December 30, 2017

The Pull List: 20 December 2017, Part 2

It's my experience that Marvel's Star Wars comic books work best when they blend elements from multiple films, and add fresh material of their own. It's the approach that made Kieron Gillen's Darth Vader run sing - and which led to an excellent spin-off book Doctor Aphra - and it's the approach that makes Charles Soule's latest issue of Poe Dameron feel so entertaining as well.

Lor San Tekka (played in The Force Awakens by Max Von Sydow) has been captured by a Trade Federation baron, and to rescue him General Leia and Captain Dameron must work together on a calculated heist to get inside the baron's facilities and steal him out from under the baron's nose. It throws in back story from the Star Wars prequels, foreshadows the relationship between Leia and Poe in The Force Awakens and The Last Jedi, and chucks in a couple of well-devised original characters.

It's a great issue, with strong art by Angel Unzueta and colours by Arif Prianto. I've gone up and down on Poe Dameron; with this issue I am way, way up. (4/5)

Star Wars: Poe Dameron #22. Marvel. Written by Charles Soule. Art by Angel Unzueta. Colours by Arif Prianto.

Under the cut: reviews of Doctor Strange, Invader Zim, and Ms Marvel.

December 28, 2017

The Pull List: 20 December 2017, Part 1

Batman and Superman are trapped in a dark dimension at the behest of the demon Barbatos. In order to save the DC Universe from being consumed by Barbatos' legions, the Justice League desperately need to arm themselves with the mysterious "Nth Metal". As a result three teams of heroes have journeyed to the corners of the universe to retrieve it.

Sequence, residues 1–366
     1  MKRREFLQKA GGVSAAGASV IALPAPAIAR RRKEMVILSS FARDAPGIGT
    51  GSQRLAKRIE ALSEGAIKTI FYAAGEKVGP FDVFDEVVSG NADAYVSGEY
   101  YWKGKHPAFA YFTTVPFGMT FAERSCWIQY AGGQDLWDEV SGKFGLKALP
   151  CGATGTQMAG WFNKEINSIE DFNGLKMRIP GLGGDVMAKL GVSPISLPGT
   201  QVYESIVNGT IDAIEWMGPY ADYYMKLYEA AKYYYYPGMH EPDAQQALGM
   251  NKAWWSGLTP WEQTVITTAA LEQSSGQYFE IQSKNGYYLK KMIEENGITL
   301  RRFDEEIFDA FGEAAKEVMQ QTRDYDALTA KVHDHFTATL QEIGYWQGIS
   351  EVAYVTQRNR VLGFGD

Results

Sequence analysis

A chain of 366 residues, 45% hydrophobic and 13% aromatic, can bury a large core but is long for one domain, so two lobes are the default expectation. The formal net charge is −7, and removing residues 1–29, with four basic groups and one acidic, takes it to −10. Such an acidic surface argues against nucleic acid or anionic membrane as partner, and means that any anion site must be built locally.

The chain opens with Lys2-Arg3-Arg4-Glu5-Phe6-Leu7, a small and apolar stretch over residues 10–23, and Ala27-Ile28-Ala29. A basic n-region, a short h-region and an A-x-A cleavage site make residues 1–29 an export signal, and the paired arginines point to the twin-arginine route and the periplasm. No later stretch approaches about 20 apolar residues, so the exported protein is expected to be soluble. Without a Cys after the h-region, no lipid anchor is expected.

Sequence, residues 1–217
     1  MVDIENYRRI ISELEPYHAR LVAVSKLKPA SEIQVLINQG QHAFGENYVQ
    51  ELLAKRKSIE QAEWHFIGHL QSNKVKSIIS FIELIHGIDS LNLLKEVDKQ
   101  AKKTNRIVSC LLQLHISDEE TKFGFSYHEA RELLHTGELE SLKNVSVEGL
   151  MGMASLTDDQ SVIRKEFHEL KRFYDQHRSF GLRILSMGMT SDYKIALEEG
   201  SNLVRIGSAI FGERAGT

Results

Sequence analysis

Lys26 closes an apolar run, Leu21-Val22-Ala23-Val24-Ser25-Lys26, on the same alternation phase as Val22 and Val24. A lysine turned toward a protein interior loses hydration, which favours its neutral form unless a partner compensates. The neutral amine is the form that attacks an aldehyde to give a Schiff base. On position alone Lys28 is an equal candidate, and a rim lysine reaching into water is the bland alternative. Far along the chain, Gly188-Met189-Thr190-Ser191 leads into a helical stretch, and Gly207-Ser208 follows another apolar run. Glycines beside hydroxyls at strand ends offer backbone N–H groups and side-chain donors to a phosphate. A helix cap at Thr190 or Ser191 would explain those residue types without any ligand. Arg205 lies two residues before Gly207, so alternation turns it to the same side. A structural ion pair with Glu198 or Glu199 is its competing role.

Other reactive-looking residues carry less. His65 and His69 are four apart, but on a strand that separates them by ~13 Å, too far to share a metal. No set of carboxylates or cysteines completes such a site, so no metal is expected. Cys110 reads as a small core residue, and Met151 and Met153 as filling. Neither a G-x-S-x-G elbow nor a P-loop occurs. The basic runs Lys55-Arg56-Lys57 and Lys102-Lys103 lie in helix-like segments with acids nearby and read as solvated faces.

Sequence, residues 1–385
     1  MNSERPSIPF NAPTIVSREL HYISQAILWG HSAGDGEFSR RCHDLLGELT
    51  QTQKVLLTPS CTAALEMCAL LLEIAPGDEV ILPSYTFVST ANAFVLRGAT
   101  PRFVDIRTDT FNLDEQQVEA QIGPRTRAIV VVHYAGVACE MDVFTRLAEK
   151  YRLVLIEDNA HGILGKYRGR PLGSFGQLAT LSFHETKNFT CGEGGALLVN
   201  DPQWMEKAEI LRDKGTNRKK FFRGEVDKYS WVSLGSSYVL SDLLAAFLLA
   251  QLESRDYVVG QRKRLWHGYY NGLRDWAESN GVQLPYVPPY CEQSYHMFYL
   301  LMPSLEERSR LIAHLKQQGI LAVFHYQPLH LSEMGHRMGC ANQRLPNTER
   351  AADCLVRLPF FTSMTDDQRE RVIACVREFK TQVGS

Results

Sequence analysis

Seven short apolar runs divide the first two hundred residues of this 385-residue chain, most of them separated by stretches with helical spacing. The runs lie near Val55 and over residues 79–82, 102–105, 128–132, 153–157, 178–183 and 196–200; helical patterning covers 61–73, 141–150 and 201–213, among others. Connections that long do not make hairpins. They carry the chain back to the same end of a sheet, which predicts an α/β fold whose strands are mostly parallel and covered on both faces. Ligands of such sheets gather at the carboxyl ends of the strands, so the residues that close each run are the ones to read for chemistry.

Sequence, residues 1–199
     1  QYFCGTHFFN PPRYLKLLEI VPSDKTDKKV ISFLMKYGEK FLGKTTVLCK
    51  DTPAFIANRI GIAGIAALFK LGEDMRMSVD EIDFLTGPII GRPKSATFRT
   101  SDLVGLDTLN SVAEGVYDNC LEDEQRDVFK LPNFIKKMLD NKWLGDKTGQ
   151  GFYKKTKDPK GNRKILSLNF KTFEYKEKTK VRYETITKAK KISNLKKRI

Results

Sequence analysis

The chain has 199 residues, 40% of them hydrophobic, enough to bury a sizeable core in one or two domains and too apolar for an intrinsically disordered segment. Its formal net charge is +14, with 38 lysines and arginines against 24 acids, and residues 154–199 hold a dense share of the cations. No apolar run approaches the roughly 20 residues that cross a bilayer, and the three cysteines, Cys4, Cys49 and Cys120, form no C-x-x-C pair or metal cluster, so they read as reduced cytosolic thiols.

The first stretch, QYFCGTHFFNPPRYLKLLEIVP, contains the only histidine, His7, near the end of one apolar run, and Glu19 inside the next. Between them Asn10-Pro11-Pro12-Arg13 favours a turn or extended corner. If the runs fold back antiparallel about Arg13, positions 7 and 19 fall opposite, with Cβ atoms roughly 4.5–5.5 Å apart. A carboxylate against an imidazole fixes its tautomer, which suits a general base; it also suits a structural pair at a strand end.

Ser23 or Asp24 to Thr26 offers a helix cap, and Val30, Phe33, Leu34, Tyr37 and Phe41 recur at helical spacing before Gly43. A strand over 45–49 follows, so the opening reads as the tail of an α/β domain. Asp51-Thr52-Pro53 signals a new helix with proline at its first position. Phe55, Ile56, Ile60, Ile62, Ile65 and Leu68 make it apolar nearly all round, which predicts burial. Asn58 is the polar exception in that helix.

Dark Nights: Metal is a ridiculous comic. It's a "throw everything at the wall and see what sticks" extravaganza, with an expansive cast, over-the-top villains, and a very self-aware attitude to just how ridiculous it is. This is a comic where a passing fish will see Deathstroke desecrate an Atlantean tomb with a cry of "Poseidon's beard!", where Starro the Conqueror will leap out from behind a curtain shouting "Hahaha! I'm back, losers!", and Batman and Superman can be snatching from certain death by Daniel from Neil Gaiman's The Sandman.

The bottom line is that is just fun. It's the sort of book we used to read as kids, where we didn't really care if anything made sense, we just liked watching superheroes have adventures and colourful images enchanted us. It's a deliberately over-egged pudding, filled with characters we like and throwing so much stuff into the mix that it'd be impossible not to find at least a few likeable elements. I adore all of it. This stuff is brilliantly stupid, and just plain brilliant. (5/5)

Dark Nights: Metal #4. Written by Scott Snyder. Art by Greg Capullo and Jonathan Glapion. Colours by FCO Plascencia.

Under the cut: reviews of BatmanLazaretto, The Wild Storm, and a delayed review of Scales & Scoundrels.

December 27, 2017

Roar: "Pilot"

It is 14 July 1997, and time for the series premiere of Roar.

In the year 400, young Irish rebel Conor (Heath Ledger) survives the massacre of his family before rising up to become the leader destined to rid his country of the Roman invaders. With the aid of his bodyguard Fergus (John Saint Ryan), former slave Catlin (Vera Farmiga), and African runaway Tully (Alonzo Greer), Conor starts with the rival chieftan who murdered his family and lover and who sided with the Roman during their invasion.

Roar is one of the most mid-1990s TV dramas you could find. Following the runaway success of the linked fantasy series Xena: Warrior Princess and Hercules: The Legendary Journeys, American TV networks and syndicates briefly went spare trying to recapture the appeal of those shows. To my mind Roar is the most accomplished of those attempts - albeit one of the more short-lived at just 13 episodes. It's an engaging remix of other programs, produced with a lot of enthusiasm and good humour.

December 26, 2017

The Pull List: 13 December 2017, Part 3

In 15th century Florence, Leonardo da Vinci works building war machines for the Medici while secretly building his own wooden automaton. I love period settings in comic books, and with this combination of history and science fiction the new comic series Monstro Mechanica is well set to be exactly the sort of book that I like.